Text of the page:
He’s been co-anchoring Channel 2’s top newscasts for 15 years, yet Scott Levin is still the youngster among the Big Three lead male anchors in town.

In that sense, you could say that Levin doesn’t hold a candle to Channel 4’s Don Postles or Channel 7’s Keith Radford even if his last birthday cake could have had 50 candles and he has a bad back to prove he is no kid.

Levin laughs at the thought of being the youngster of the male trio and adds that he has great respect for his veteran male counterparts, as well as Channel 4’s veteran female anchor Jacquie Walker.

“I know how hard it is with the business ever-changing,” Levin said of their longevity. “You have to stay competitive and be relevant. You don’t want to become a dinosaur.”

The bad back has kept Levin off the air since the end of the November sweeps. He is scheduled to return Monday after having back/spine surgery following a car accident that exacerbated problems he has had with his back for years.

He has learned some things sitting at home during his recovery.

“For a small market, we have a lot of big-time talent,” said Levin. ”And all the stations do a lot of weather.”

I’ll say. In fact, I have said it as often as Channel 2 has told viewers that it seeks “to keep people in power accountable.”

Levin was powerless against his back problems and has had a lot of explaining to do when he has gone out in public showing off his layoff beard.

“It has been unbelievable,” said Levin of the response. “Everywhere I was, people were asking. My wife was rolling her eyes. When you are in the public eye, people feel very connected. It never bothered me one bit.”

TV news may be his first love, but it is his second career. He was a successful businessman in his first career, working 10 years for a company that manufactured women’s sportswear and at one time made the Fortune 500.

After graduating with a business degree from Skidmore College, Levin was fortunate to have made enough money in that business to change careers after the decline of the company and to have the telegenic appearance and voice to become a news anchor.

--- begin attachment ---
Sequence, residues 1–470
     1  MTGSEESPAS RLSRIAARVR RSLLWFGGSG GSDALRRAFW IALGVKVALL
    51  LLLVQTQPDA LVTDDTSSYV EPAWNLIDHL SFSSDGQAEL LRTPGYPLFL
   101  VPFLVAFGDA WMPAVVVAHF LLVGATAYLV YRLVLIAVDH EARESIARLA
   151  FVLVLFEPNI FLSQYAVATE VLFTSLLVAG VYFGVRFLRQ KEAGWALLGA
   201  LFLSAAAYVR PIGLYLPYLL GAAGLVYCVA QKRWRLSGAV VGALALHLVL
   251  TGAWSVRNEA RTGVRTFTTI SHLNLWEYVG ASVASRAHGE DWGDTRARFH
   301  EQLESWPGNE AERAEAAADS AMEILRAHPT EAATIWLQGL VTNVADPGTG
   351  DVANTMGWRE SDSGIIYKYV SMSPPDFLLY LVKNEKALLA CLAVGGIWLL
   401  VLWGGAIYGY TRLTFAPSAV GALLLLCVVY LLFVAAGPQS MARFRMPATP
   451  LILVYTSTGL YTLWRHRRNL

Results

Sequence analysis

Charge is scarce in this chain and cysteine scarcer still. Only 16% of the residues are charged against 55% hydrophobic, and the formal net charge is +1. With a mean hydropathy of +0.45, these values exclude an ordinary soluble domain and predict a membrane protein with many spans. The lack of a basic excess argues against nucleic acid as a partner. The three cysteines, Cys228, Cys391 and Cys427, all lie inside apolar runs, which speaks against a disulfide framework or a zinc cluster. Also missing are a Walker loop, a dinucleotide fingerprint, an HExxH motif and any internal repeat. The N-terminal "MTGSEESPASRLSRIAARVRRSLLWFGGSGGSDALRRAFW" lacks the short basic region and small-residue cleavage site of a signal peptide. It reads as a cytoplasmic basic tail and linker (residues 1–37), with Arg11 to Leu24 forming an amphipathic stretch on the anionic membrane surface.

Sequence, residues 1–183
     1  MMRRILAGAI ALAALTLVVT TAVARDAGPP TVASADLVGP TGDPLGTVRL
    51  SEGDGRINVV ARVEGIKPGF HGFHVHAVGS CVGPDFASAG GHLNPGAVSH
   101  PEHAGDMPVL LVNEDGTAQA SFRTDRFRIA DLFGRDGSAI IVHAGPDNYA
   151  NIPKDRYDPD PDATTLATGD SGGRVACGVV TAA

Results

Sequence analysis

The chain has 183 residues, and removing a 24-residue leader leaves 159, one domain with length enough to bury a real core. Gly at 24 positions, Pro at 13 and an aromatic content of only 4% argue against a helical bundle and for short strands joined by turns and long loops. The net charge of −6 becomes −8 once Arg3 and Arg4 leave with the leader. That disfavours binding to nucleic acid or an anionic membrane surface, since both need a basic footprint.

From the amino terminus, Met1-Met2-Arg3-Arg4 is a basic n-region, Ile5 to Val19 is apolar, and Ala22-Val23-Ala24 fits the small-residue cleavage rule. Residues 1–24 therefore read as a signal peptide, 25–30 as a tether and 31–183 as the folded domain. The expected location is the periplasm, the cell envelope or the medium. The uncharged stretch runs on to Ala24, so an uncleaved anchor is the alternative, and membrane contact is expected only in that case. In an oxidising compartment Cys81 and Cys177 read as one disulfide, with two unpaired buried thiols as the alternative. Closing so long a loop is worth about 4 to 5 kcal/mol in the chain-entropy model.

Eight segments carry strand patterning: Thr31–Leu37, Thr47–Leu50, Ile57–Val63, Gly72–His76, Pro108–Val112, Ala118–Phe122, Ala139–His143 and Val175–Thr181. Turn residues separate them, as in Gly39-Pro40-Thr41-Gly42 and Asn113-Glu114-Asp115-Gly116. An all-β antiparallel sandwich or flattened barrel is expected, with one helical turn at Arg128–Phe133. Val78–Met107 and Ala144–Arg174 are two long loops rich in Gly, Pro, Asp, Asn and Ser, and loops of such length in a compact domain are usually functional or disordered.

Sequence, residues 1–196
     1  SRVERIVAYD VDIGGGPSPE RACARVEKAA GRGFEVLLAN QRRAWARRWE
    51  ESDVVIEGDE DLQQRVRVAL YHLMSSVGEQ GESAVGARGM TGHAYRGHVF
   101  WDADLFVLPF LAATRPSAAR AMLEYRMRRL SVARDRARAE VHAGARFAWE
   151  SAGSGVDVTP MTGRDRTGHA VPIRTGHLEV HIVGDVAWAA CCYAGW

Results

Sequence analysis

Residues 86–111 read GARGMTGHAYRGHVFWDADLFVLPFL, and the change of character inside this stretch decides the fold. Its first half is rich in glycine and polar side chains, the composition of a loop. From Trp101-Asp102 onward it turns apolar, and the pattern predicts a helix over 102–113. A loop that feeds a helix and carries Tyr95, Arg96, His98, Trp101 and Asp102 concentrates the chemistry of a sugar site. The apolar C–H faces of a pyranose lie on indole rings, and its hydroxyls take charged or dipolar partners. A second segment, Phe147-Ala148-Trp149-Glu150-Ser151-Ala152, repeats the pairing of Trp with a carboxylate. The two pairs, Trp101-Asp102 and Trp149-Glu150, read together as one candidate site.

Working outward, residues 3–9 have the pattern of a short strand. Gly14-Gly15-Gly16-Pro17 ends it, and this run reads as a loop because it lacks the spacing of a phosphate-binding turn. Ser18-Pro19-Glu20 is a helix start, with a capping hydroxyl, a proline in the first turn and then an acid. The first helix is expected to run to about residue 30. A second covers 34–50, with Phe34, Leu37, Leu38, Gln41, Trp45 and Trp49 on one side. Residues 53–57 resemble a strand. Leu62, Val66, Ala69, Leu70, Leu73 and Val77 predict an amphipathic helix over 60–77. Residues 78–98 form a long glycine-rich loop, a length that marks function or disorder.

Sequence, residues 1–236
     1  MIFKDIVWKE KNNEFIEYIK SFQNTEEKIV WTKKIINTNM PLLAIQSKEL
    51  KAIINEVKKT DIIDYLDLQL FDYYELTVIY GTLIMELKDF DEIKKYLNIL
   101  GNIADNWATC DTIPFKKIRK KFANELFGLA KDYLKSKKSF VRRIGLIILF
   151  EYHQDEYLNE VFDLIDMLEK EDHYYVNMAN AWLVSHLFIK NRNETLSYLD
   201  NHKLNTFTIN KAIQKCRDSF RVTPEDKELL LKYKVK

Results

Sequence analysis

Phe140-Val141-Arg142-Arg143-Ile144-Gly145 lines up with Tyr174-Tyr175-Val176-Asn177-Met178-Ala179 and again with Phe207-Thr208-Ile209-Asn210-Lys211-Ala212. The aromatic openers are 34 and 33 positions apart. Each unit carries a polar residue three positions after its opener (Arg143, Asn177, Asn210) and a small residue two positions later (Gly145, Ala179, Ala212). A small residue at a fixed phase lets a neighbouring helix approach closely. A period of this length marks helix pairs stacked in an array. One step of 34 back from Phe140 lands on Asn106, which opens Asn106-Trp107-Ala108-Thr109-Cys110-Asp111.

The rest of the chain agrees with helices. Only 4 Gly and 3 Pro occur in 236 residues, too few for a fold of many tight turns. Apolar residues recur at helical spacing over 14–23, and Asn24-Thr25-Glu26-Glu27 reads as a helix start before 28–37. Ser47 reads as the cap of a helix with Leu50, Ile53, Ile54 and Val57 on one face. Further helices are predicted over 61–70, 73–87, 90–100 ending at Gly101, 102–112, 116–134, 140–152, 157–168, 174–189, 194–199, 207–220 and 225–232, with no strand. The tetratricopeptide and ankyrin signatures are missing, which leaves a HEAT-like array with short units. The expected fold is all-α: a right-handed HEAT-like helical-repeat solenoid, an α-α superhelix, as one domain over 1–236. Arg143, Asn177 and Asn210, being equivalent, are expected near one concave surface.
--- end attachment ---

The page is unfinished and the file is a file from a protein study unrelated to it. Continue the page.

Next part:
“I always wanted to be a journalist,” said Levin. “Always. I love to tell stories and public speaking.”

He also wanted a “normal” life after growing tired of traveling for his sales job and seeing friends putting down roots and raising families.

The native of Boston, Mass., trained with a retired “Good Morning, America” correspondent who became a TV agent, took some courses at New York University and made some tapes that he hoped would help him “fulfill a life’s dream.”

He was hired as a one-man band at a TV station in Yakima, Wash., and worked in Richmond, Va., before arriving 15 years ago at WGRZ-TV when the station was mired in third place.

To borrow a Channel 2 promotional phrase, “this is home” to Levin now and he loves the stability.

“It is a combination of doing what I want and finding a home in Buffalo,” said Levin. “I met my wife and built some roots. I didn’t want to be 65 and sleeping in a different hotel in the business world. I wanted to be part of the community.”

He and his wife, Lisa, are raising two daughters. Levin talks openly of his religious conversion after his wife had two miscarriages and then a difficult pregnancy with the birth of their younger daughter.

“Thirteen years ago I became a born-again Christian,” said Levin. “I found God. If I weren’t in this business, I probably would be a pastor.”

Levin believes that there are a couple of misconceptions about him, with probably the biggest one about his religion.

“It is probably the misconception that I’m Jewish because of my last name,” said Levin, who celebrated both Christmas and Hanukkah with his parents when he was growing up.

Levin added that his religion has helped him cope with the pressures and celebrity that comes with his job.

“It has helped me in this crazy business,” he said. “I try to stay centered that way. I take my job seriously, but I don’t take myself very seriously.”

He adds there is another literally big misconception about him.

“The misconception is I’m short when I’m as big as most football players” said Levin. I’m 6-3, 245 pounds.”

Some viewers might also be surprised to know that Levin and Radford get together once or twice a week for dinner at a local supermarket to talk about work-related issues, family stuff, retirement and Florida, and they have become good friends. Levin noted that Radford and Channel 7 co-anchor Joanna Pasceri sent him a get-well card.

Levin doesn’t expect that he will address his long layoff Monday unless co-anchor Maryalice Demler or meteorologist Kevin O’Connell bring it up. However, he might have one big decision to make before show time.

“I can’t decide if I should shave off my beard or not,” cracked Levin late this week. “I might do a Facebook poll.”

This being TV, the only vote that matters is that of management. Expect Levin to be cleanshaven.